Human multipotent stromal cells attenuate lipopolysaccharide-induced acute lung injury in mice via secretion of tumor necrosis factor-α-induced protein 6

  • Svitlana Danchuk1, 2,

    Affiliated with

    • Joni H Ylostalo3,

      Affiliated with

      • Fokhrul Hossain4,

        Affiliated with

        • Randy Sorge1, 2,

          Affiliated with

          • Austin Ramsey1, 2,

            Affiliated with

            • Ryan W Bonvillain2,

              Affiliated with

              • Joseph A Lasky1,

                Affiliated with

                • Bruce A Bunnell2,

                  Affiliated with

                  • David A Welsh4,

                    Affiliated with

                    • Darwin J Prockop3 and

                      Affiliated with

                      • Deborah E Sullivan2, 5Email author

                        Affiliated with

                        Stem Cell Research & Therapy20112:27

                        DOI: 10.1186/scrt68

                        Received: 21 December 2010

                        Accepted: 13 May 2011

                        Published: 13 May 2011



                        Multipotent stromal cells (MSCs) are currently in clinical trials for a number of inflammatory diseases. Recent studies have demonstrated the ability of MSCs to attenuate inflammation in rodent models of acute lung injury (ALI) suggesting that MSCs may also be beneficial in treating ALI.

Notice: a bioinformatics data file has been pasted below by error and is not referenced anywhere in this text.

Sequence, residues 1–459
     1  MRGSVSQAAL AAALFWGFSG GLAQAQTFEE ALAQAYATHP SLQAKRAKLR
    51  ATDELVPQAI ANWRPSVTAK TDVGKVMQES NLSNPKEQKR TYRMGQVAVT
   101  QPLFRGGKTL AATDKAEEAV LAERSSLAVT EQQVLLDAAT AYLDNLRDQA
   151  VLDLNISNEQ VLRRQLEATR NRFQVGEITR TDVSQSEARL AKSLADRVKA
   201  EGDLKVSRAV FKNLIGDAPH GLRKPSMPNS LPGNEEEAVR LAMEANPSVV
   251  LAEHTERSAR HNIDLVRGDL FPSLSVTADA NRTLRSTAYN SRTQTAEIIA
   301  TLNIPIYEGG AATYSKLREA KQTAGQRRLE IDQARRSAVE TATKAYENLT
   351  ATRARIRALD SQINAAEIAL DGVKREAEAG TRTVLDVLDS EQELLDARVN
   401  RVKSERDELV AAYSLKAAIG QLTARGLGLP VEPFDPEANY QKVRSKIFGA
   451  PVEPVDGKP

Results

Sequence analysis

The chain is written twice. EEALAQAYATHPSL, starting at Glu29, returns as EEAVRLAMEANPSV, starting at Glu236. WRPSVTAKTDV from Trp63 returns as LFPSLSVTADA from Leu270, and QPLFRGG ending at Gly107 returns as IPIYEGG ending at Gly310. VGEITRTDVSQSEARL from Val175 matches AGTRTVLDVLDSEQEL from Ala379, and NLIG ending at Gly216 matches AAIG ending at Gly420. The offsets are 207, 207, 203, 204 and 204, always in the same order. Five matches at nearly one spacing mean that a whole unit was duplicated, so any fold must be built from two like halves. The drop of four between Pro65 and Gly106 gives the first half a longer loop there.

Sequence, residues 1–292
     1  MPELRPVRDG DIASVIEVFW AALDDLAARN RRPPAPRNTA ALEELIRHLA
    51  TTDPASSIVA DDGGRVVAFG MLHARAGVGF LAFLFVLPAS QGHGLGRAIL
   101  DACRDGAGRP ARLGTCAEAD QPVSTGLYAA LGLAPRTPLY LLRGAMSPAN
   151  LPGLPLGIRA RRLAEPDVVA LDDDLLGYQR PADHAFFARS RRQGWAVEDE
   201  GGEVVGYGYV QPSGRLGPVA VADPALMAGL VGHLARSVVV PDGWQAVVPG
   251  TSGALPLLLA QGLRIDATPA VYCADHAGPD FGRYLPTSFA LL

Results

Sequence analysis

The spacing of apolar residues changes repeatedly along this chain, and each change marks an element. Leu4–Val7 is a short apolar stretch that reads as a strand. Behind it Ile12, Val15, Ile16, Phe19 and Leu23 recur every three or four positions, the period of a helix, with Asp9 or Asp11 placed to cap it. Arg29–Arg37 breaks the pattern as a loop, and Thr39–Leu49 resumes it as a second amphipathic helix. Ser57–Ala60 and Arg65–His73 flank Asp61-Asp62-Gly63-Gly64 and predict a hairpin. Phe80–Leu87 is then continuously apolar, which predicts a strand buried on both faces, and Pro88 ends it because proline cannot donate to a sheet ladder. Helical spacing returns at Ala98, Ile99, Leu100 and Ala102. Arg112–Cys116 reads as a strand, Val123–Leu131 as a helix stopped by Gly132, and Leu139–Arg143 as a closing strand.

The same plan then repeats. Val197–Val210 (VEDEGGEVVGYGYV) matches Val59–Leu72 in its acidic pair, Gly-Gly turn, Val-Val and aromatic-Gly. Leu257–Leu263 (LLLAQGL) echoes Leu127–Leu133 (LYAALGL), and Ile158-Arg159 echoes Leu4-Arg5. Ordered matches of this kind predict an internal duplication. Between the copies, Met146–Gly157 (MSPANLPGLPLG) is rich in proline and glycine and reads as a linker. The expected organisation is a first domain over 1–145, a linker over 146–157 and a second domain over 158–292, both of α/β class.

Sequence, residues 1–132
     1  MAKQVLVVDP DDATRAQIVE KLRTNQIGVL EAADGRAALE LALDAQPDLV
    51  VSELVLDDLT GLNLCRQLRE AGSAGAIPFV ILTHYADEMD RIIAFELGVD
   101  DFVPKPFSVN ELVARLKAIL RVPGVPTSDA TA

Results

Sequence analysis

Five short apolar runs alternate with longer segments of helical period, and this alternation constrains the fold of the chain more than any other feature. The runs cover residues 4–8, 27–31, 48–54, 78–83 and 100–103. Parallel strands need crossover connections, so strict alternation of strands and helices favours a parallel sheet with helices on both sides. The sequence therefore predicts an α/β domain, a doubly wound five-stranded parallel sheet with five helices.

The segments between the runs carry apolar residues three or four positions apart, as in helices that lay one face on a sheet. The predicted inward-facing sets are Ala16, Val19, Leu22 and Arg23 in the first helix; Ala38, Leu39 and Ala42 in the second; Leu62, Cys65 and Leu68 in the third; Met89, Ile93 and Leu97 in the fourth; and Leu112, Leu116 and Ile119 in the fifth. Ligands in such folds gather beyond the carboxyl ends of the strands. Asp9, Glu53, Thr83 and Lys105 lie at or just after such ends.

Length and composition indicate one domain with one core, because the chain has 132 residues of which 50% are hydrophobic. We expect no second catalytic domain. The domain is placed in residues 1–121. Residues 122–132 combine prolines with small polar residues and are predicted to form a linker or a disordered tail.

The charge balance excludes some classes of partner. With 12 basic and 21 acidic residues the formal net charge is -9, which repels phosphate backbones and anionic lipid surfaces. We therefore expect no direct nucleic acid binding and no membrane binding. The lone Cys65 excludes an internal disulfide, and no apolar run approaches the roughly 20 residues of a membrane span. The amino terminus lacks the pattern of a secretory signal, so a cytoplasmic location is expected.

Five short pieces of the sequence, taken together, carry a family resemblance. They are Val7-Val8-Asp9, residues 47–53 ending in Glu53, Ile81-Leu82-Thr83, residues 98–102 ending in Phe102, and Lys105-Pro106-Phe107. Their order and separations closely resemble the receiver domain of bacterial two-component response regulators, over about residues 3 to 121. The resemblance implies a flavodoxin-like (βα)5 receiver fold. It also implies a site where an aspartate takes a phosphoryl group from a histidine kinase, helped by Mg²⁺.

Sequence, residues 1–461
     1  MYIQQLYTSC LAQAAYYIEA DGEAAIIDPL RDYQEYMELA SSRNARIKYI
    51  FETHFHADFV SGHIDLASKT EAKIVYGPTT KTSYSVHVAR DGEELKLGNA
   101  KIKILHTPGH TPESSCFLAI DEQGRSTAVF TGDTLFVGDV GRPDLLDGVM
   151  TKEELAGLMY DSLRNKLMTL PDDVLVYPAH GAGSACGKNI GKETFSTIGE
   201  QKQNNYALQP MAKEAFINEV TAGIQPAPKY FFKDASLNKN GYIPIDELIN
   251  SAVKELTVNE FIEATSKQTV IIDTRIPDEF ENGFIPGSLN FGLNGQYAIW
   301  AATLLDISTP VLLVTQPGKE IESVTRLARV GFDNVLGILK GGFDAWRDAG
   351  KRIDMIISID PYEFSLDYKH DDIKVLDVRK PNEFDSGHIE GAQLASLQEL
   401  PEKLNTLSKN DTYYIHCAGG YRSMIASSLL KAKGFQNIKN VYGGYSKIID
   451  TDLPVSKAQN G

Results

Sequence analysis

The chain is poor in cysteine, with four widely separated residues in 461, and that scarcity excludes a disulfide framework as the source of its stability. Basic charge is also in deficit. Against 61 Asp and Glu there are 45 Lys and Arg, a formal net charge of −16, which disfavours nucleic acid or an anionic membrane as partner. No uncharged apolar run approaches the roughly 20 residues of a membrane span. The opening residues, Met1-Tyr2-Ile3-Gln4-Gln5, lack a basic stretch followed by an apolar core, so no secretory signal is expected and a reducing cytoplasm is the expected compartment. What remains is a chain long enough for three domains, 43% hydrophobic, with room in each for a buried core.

To better understand how human MSCs (hMSCs) may act in ALI, the lungs of immunocompetent mice were exposed to lipopolysaccharide (LPS) and four hours later bone marrow derived hMSCs were delivered by oropharyngeal aspiration (OA). The effect of hMSCs on lung injury was assessed by measuring the lung wet/dry weight ratio and total protein in bronchoalveolar lavage (BAL) fluid 24 or 48 h after LPS. BAL fluid was also analyzed for the presence of inflammatory cells and cytokine expression by multiplex immunoassay. Microarray analysis of total RNA isolated from treated and untreated lungs was performed to elucidate the mechanism(s) involved in hMSC modulation of lung inflammation.